From: Andy Soos, ENN
Published April 15, 2010 04:18 PM

March Global Temperatures

How hot is it? It depends, of course, on where you are. From a global perspective there are agencies that check and recheck and average it all out.

The world’s combined global land and ocean surface temperature made last month the warmest March on record, according to National Oceanic and Atmospheric Administration (NOAA). Taken separately, average ocean temperatures were the warmest for any March and the global land surface was the fourth warmest for any March on record. Additionally, the planet has seen the fourth warmest January — March period on record.

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It continues to get warmer in the world. Some places may seem cooler but the world is not.

The combined global land and ocean average surface temperature for March 2010 was the warmest on record at 56.3°F, which is 1.39°F above the 20th century average of 54.9°F.

The world ocean surface temperature was the highest for any March on record -1.01°F above the 20th century average of 60.7°F.

The global land surface temperature was 2.45°F above the 20th century average of 40.8 °F — the fourth warmest on record. Warmer than normal conditions dominated the globe, especially in northern Africa, South Asia and Canada. Cooler than normal regions included Mongolia and eastern Russia, northern and western Europe, Mexico, northern Australia, western Alaska and the southeastern United States.

For the year to date, the combined global land- and ocean surface temperature of 55.3°F (13.0°C) was the fourth warmest for a January-March period. This value is 1.19°F above the 20th century average.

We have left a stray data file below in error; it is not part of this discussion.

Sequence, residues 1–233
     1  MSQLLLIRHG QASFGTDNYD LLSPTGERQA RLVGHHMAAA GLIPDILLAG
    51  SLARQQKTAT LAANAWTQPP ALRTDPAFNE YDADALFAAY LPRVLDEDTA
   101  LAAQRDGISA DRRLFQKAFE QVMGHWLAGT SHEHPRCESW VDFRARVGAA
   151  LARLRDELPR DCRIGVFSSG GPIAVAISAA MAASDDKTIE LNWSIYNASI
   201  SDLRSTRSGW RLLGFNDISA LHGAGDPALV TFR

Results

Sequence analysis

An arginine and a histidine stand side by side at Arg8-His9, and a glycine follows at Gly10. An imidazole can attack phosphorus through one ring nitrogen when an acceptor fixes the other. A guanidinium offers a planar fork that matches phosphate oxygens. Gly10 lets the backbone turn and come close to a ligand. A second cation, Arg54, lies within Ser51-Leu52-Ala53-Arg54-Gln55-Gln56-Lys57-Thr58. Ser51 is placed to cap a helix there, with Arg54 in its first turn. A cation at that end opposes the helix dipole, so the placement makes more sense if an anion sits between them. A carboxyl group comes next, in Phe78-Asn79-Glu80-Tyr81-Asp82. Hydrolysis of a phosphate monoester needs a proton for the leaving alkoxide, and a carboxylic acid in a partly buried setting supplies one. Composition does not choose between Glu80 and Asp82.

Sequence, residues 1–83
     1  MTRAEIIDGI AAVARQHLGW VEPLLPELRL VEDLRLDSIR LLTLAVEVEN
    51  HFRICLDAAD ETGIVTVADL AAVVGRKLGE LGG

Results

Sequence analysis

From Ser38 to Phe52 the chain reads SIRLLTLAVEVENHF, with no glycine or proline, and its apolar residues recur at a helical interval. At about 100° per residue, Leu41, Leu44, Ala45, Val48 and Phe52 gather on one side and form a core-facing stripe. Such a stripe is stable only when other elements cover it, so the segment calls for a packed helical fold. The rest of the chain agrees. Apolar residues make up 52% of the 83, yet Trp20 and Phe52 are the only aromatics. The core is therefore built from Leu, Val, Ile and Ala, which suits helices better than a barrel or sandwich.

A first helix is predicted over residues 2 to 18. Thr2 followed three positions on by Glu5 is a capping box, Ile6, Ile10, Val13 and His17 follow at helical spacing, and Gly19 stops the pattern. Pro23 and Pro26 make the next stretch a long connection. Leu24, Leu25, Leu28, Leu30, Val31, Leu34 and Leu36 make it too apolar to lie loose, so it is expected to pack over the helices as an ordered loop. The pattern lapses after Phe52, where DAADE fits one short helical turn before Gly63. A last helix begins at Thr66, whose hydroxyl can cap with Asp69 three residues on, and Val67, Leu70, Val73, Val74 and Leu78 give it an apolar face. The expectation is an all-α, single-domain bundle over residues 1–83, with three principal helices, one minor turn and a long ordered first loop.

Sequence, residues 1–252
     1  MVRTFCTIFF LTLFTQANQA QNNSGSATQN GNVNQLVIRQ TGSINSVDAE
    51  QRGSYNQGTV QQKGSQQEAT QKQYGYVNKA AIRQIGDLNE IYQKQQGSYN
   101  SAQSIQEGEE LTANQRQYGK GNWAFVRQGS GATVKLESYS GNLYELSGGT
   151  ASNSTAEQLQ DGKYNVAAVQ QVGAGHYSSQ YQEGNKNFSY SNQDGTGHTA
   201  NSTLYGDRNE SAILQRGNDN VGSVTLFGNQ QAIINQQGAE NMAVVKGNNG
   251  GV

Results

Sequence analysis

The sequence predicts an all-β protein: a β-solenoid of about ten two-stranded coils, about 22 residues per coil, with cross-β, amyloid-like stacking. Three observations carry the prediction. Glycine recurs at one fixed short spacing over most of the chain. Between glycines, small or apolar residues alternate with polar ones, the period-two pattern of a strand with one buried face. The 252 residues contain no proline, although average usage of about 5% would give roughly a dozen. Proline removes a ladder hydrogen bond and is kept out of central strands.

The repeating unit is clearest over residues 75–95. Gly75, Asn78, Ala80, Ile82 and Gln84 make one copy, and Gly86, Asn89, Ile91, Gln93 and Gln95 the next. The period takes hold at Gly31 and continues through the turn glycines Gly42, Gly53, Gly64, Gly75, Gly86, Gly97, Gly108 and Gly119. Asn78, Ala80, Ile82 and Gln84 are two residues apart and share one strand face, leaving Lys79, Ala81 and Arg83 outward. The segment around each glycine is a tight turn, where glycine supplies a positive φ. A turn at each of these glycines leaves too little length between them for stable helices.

According to the Beijing Climate Center, Tibet experienced its second warmest March since historical records began in 1951. Delhi, India also had its second warmest March since records began in 1901, according to the India Meteorological Department.

When it gets warmer the pole ice tends to melt. Arctic sea ice covered an average of 5.8 million square miles during March. This is 4.1 percent below the 1979-2000 average expanse, and the fifth smallest March coverage since records began in 1979.

On the other end of the world in Antarctic, sea ice expanse in March was 6.9 percent below the 1979-2000 average, resulting in the eighth smallest March ice coverage on record.

In the US, the temperature averaged across the contiguous U.S. was above normal. Several storms developed along the Atlantic Coast, bringing below normal temperatures to the South and Southeast, while bringing warm and wet weather to the Northeast and East North Central regions.

On a statewide level, Rhode Island had its warmest March on record. It was Maine's second warmest March, New Hampshire's third warmest, and the fifth warmest for Massachusetts, Connecticut, New Jersey, Vermont, and Minnesota. Five other states (for a total of thirteen) also had a March average temperature among their ten warmest.

For further information: http://www.noaanews.noaa.gov/stories2010/20100415_marchstats.html

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